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Tomas Skogman, Carnegie Investment Bank AB, Research Division - Head of Research of Finland [46]

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All right. And then just talking to investors, it's clear that many people have the view that all the value-add at the moment is in Service, but they don't know the Service profitability. And we are all afraid that cost-cutting will be too small on the energy equipment side, and that you will start to have big losses here. Can you help us to open up where you really make the money, so that falling earnings next year are not just starting to frighten the market, that Service profitability will be plummeting as well?

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Jaakko Eskola, Wärtsilä Oyj Abp - CEO, President & Member of Board of Management [47]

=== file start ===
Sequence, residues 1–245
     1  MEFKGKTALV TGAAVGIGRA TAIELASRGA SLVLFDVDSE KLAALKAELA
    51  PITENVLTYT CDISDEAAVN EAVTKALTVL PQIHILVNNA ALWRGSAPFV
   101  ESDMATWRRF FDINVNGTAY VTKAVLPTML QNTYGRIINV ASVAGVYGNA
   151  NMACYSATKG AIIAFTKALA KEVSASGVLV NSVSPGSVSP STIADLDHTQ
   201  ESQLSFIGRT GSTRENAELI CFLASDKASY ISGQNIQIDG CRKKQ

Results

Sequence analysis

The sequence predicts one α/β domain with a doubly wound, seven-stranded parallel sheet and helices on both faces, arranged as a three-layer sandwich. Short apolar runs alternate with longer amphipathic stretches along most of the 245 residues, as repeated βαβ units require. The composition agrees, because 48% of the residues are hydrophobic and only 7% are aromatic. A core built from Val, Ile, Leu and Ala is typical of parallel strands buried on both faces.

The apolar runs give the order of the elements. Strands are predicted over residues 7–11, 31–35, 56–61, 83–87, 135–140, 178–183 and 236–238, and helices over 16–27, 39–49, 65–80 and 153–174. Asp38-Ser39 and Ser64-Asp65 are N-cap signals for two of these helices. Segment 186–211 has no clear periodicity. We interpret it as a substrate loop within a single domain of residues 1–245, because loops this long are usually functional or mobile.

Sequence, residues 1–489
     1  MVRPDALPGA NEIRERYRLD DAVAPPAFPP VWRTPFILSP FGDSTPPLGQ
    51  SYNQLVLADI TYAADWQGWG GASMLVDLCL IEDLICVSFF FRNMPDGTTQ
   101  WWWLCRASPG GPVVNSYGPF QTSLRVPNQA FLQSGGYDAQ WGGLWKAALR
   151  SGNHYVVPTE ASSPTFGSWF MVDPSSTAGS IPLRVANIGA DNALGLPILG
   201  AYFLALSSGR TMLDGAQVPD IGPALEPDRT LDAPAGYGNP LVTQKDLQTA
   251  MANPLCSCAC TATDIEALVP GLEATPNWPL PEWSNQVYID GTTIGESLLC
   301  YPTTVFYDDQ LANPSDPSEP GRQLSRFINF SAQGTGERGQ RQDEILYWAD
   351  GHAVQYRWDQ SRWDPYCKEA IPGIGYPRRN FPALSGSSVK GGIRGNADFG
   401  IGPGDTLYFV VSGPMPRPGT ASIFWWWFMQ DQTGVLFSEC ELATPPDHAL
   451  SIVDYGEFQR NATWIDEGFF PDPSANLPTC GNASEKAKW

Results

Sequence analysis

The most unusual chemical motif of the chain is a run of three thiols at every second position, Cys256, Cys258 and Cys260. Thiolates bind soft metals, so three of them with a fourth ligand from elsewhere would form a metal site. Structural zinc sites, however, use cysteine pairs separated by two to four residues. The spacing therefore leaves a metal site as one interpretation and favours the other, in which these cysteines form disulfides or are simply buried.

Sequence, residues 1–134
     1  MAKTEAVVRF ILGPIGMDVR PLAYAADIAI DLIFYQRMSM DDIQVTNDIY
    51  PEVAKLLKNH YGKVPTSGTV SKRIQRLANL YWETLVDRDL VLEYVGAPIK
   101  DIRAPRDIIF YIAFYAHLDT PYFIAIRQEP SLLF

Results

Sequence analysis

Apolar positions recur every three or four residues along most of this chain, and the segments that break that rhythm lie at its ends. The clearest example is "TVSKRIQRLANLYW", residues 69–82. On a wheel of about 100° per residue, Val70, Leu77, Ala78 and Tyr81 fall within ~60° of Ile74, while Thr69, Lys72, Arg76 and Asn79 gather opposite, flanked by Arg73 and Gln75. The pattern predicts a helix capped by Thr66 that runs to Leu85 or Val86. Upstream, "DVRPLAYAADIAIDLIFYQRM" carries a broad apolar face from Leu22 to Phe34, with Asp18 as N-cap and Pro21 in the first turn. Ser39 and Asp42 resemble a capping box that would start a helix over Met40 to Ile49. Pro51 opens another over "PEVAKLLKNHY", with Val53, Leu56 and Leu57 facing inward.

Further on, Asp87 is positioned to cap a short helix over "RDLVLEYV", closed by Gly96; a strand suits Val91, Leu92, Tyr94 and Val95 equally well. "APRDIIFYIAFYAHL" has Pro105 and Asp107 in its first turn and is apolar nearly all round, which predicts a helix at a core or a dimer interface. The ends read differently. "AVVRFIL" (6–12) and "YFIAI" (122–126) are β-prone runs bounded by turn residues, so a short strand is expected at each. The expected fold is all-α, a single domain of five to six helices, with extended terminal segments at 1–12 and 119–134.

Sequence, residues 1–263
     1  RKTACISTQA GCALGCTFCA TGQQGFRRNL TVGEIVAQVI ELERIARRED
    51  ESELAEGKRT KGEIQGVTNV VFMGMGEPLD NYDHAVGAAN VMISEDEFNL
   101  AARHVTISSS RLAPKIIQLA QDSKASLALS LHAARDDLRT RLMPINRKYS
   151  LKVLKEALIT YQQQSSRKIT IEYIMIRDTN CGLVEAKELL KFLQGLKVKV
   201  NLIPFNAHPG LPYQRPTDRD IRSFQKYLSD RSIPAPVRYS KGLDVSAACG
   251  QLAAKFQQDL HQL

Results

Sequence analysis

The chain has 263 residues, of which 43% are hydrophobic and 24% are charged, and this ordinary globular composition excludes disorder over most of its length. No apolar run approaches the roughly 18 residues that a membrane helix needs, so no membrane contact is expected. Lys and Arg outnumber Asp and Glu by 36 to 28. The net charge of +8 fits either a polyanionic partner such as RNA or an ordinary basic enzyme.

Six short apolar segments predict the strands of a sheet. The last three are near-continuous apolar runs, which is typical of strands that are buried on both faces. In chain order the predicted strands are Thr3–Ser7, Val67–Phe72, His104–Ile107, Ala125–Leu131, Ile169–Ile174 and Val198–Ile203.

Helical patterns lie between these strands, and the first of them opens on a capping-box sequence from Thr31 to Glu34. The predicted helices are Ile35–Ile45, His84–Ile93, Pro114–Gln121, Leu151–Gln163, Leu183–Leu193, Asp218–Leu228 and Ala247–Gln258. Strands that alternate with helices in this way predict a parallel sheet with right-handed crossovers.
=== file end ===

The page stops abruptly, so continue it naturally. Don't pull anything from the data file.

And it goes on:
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Tom, I'm not going to open it up, how much do we make in money in Service compared to the new equipment. You already today know how much we make money in Marine and how much we make money in Energy. And we all know that Services is extremely -- Services is profitable. But within Services, of course, spare parts is better than anything else. This is everything what we want to open up at the moment. But you are right, half of Wärtsilä's business is today Services, and that's really supporting, of course. And we need to get our new equipment in order so that at least we don't have any one-offs. And that's, at least today, pretty much now clear then -- and so that we can go forward.